When the latch clamps 106 and 108 move outward as indicated by the arrows A, their respective hook shaped portions 118 and 120 are disengaged from the flange 88 of the receptacle 78 thus freeing the receptacle 78 and its insert 80 from the external connector assembly 16. At the same time this is occurring, the insert 80 is pressed on to the receptacle 20 of the connector 18 so that they are in the connected position illustrated in FIG. 3 where it can be seen that the flange 88 of the receptacle 78 is engaged by the hook shaped portions 72 and 74 of the respective latch clamps 56 and 58.

Next, the connector conveying and locating member 82 is pulled inward or to the left as illustrated in FIG. 4. This results in the hook shaped portions 118 and 120 of the respective latch clamps 106 and 108 moving out of contact with the hook shaped portion 72 and 74 of the respective latch clamps 56 and 58. The hook shaped portions 118 and 120 also move inward toward each other as indicated by the arrows B in FIG. 4. When this occurs, the insert 80 remains fully inserted into the receptacle 20 of the connector 18 so that they are connected and also the flange 88 of the receptacle 78 remains engaged by the hook shaped portion 72 and 74 of the respective latch clamps 56 and 58. Consequently, the spacecraft connector 10 is in its fully mated position. With the spacecraft connector 10 in this position electrical power or the like can be fed from the cable 142 through the connector insert 80 and into the receptacle 20 and then through the cable 140 that is on board the spacecraft.

When it is desired to disconnect the connector insert 80 from the receptacle 20, the motor 132 is energized to suitably rotate the wheel 130 to cause the connected push rod member 134 to push the connector conveying and locating member 82 to be pushed outward or to the right as illustrated in FIG. 5. As this occurs this also causes the connected receptacle 78 and its insert 80 to be moved outward or to the right as are the connected latch clamps 106 and 108 whose respective outer hook shaped portions 118 and 120 contact the inner sloping surfaces of the respective outer hook shaped portions 72 and 74 of the respective latch clamps 56 and 58 and pushes them outward and out of the way. It will also be noted that the guide pins 94, 94' and 96, 96' are entering the respective holes 90, 80' and 92, 92' and also the inner portions of the hooked shaped outer portions 118 and 120 are about the slip over the flange 88.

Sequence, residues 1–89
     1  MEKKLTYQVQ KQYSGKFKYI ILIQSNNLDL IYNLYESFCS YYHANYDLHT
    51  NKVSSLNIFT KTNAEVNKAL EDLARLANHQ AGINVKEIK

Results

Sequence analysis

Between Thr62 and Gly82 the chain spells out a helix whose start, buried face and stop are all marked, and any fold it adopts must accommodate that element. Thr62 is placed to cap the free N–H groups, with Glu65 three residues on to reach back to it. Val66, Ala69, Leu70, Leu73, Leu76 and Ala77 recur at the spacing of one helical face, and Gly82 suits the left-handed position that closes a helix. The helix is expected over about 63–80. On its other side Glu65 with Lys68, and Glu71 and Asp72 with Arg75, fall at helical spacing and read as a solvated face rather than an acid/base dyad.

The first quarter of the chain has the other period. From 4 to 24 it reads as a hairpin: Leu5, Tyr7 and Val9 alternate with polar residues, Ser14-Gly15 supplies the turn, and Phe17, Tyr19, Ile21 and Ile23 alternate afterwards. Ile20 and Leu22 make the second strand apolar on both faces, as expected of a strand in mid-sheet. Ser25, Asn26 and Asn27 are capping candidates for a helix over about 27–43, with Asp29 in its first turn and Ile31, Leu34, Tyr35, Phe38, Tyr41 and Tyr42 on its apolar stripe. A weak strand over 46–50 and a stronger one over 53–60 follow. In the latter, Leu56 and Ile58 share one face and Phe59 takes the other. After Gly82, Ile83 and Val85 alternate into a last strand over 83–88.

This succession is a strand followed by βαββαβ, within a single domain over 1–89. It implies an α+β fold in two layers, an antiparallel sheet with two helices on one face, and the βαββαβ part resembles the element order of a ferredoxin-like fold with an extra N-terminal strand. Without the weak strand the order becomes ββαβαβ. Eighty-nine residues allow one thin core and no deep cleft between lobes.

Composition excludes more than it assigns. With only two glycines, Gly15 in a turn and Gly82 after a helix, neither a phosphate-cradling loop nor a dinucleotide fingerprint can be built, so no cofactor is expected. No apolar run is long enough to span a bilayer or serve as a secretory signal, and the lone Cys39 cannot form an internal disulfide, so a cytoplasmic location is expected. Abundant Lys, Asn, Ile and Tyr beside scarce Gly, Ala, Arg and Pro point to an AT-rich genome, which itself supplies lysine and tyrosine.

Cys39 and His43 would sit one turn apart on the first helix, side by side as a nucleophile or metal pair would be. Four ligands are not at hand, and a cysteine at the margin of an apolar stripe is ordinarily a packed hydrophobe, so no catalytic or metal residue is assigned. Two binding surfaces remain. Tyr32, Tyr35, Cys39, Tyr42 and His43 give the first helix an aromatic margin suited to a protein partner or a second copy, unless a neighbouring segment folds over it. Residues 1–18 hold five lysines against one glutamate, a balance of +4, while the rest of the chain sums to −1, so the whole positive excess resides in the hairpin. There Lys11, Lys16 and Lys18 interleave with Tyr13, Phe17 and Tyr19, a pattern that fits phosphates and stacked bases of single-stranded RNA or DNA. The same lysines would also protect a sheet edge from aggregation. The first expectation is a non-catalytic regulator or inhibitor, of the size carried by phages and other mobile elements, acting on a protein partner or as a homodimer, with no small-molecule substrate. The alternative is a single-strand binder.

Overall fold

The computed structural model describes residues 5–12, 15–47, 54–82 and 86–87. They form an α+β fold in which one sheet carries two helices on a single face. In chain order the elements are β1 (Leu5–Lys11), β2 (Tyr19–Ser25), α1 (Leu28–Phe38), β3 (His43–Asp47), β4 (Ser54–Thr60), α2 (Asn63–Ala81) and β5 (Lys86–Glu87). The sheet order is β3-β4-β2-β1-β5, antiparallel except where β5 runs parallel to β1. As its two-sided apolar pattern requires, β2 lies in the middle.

As illustrated in FIG. 6, the continued operation of the motor 132 results in further rotation of the wheel 130 and outward movement as to the right in FIG. 6 of the receptacle 78, the guide pins 94, 94' and 96, 96' and the latch clamps 106 and 108. As a result the outer hook shaped portions 118 and 120 of the respective latch clamps 106 and 108 slip over and engage the flange 88. At the same time the guide pins 94, 94' and 96, 96' enter the respective holes 90, 90' and 92, 92' in the flange 88. The continued operation of the motor 132 results in further turning of the wheel 130 and this results in the pulling of the connected push rod member 134 inward which also pulls on the connector conveying and locating member 82. This also results in the pulling inward, or to the left as illustrated in FIG. 1, of the receptacle 78 and the insert 80 since the outer end portions 118 and 120 of the respective latch clamps 106 and 108 have engaged the flange 88. This results in the receptacle 78 assuming the position illustrated in FIG. 1A where the connector 10 is in its unconnected or demated position.

It will be understood that this sequence for the connector 10 illustrated in FIG. 1A and then FIGS. 3 through 6 and then FIG. 1A again can be and is intended to be repeated. For instance this would occur if the external connector assembly 16 formed part of a space section or the like (not shown) and the on board connector assembly 12 was part of a space vehicle 14 that periodically docked with the space station.

It will be noted that in view of the construction of the connector 10, no force is exerted upon the spacecraft or vehicle 14 during the connection and disconnecting operations set forth in FIG. 1A and FIGS. 3 through 6 that were previously described.